• 2% Evaporated Milk (Condensed)
• 2 Cloves of Garlic, minced
• Cheese: Parmesan/Mozzarella/Cheddar
• Compound Butter (Garlic, Wine, Onion Powder)
• Salt & Ground Black Pepper
• A Squeeze of Lemon

Optional: Fresh Chopped Italian Parsley/White Wine

Start a pot of heavily salted water and drop the Spaghetti. Follow the instructions indicated on the package for the required time.

Start chopping the mushrooms and mincing the garlic while waiting for the Spaghetti to reach desired doneness.

Heat the sauté pan with Olive oil and butter and stir-fry the garlic until aromatic. Slowly add the mushrooms and toss until cooked. Add some of the pasta water followed by the Spaghetti when done. Stir some more until everything comes together, and pour in the condensed milk until the desired creaminess is reached. Start adding the Mozzarella or Parmesan Cheese, and squeeze some lemon juice to give it a final shine.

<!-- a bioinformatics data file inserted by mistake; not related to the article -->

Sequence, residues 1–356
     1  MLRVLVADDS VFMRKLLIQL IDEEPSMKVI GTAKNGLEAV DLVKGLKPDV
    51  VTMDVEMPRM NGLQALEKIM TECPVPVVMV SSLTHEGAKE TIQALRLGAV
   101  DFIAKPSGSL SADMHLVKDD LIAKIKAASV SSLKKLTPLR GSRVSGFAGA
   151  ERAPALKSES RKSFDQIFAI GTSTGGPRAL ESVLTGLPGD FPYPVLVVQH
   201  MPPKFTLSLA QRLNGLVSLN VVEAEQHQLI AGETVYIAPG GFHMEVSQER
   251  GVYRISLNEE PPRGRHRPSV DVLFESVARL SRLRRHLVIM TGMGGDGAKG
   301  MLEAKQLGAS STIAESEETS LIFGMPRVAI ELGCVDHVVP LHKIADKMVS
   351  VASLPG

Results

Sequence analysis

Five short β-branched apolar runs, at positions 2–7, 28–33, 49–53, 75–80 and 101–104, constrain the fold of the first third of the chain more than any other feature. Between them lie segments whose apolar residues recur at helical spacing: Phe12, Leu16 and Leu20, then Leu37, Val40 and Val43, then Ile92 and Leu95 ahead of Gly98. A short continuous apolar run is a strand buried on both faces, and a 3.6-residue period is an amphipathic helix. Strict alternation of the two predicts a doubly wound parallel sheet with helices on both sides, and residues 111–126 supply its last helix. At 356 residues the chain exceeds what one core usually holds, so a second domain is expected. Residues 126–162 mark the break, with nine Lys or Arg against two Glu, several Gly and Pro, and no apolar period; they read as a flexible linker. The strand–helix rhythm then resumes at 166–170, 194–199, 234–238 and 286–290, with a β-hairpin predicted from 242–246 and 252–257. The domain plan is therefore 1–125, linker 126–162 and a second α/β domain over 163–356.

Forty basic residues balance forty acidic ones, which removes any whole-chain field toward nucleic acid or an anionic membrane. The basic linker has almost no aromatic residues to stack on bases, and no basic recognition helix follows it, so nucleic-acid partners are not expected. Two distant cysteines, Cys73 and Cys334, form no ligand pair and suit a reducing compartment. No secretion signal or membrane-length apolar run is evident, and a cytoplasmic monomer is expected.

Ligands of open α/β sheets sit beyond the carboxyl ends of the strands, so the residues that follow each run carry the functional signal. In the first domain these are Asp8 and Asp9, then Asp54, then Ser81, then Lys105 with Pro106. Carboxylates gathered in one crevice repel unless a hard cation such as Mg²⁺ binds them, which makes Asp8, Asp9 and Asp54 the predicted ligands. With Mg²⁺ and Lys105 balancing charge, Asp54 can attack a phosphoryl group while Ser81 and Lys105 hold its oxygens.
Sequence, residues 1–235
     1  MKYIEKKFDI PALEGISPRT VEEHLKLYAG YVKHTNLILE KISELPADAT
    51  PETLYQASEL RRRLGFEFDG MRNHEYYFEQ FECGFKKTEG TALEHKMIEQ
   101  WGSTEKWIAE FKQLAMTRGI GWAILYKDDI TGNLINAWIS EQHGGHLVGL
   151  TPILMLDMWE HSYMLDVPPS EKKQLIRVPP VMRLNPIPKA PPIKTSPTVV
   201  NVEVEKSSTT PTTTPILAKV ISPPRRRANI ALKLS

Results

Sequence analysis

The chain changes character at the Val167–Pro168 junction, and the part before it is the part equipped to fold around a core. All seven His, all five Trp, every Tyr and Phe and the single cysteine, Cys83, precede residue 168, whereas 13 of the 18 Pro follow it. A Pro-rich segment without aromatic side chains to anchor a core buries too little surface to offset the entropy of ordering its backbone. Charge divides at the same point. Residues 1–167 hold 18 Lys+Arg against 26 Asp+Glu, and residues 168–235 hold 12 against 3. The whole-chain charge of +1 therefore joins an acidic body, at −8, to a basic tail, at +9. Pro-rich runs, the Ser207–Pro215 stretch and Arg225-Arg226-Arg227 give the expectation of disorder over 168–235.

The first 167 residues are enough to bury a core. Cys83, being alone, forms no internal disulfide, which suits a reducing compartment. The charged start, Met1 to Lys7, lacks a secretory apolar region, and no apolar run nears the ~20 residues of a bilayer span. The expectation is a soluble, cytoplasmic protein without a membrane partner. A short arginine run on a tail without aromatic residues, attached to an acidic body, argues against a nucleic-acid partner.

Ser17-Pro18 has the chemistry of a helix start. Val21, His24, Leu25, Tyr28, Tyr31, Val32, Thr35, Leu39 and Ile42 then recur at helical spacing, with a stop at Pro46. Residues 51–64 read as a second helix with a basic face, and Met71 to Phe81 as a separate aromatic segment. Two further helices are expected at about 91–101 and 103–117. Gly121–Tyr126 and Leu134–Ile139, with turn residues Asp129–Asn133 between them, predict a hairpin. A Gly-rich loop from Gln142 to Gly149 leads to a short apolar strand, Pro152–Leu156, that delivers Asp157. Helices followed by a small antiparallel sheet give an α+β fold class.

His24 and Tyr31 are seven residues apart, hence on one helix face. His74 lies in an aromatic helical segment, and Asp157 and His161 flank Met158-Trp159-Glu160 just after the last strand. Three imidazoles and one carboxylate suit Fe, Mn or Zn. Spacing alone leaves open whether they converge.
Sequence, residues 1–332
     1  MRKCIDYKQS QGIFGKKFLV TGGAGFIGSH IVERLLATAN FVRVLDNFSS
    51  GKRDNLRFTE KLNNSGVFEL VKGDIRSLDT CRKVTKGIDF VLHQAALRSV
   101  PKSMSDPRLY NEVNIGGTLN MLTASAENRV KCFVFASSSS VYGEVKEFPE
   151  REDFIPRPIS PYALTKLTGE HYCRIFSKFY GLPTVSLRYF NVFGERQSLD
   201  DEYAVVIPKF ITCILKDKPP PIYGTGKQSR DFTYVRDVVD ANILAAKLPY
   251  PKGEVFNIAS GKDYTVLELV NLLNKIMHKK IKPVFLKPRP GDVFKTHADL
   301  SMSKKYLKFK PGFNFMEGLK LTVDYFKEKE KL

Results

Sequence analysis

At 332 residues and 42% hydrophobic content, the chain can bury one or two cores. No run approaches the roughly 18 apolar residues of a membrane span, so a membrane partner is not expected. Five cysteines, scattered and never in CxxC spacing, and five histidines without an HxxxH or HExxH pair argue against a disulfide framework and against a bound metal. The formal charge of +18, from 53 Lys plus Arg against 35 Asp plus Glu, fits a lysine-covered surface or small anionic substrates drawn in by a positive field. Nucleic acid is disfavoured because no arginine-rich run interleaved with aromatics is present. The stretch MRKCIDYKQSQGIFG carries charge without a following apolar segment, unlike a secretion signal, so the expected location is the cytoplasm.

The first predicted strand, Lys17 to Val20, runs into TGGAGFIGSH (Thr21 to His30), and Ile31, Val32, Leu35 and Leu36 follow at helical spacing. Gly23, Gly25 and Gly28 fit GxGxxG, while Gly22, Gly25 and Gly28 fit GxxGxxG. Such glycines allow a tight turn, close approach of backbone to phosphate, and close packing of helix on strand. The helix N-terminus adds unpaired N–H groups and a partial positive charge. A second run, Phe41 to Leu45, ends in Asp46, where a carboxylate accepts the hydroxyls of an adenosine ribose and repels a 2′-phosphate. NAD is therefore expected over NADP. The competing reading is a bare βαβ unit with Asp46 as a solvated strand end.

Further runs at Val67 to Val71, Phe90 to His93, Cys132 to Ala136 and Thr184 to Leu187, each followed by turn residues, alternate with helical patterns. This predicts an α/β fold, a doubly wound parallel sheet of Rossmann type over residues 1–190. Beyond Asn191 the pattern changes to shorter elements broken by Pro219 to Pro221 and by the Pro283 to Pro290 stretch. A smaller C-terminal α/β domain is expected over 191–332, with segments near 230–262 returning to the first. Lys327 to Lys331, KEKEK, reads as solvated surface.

Plate and garnish with chopped Italian Parsley and drizzle with Olive oil before serving.

I used chopped green onions as garnish. White wine can be added after sauteing the onion and garlic.





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Spaghetti with Tomatoes, Capers & Basil

Busy days are here again. When a heat wave strikes the city, rest-assured, ‘beer gardens’ as what many Filipinos coin them; begin to open the patio sections of their restaurants to accommodate awaiting patrons seeking for the sun outside. Drinking and conversing are the way to go on a hot, summer day here in the city.

Summer here is extremely short, and I’m not sure if I had mentioned before; each weekend or extra weekend thereafter is precious and rigorously planned. In my case, it’s the season I work days and nights and pretty much nothing else. By fall or winter, my schedule becomes less stressful and more manageable. Summer is just crazy; no matter how short or long my shifts would be.

Anyway, work is relatively easy, but with volume that’s about three times as much as the usual, the whole story of the ballgame changes. Moreover, operating hours are longer, following the longer day shorter night pattern, and of course, work demand rises along with it. With almost the same man hours, workload for each one in the line becomes tremendously stressful. This is the basic reason why I really look forward to fall. Kids are back to school and everything becomes normal for those involved in operations.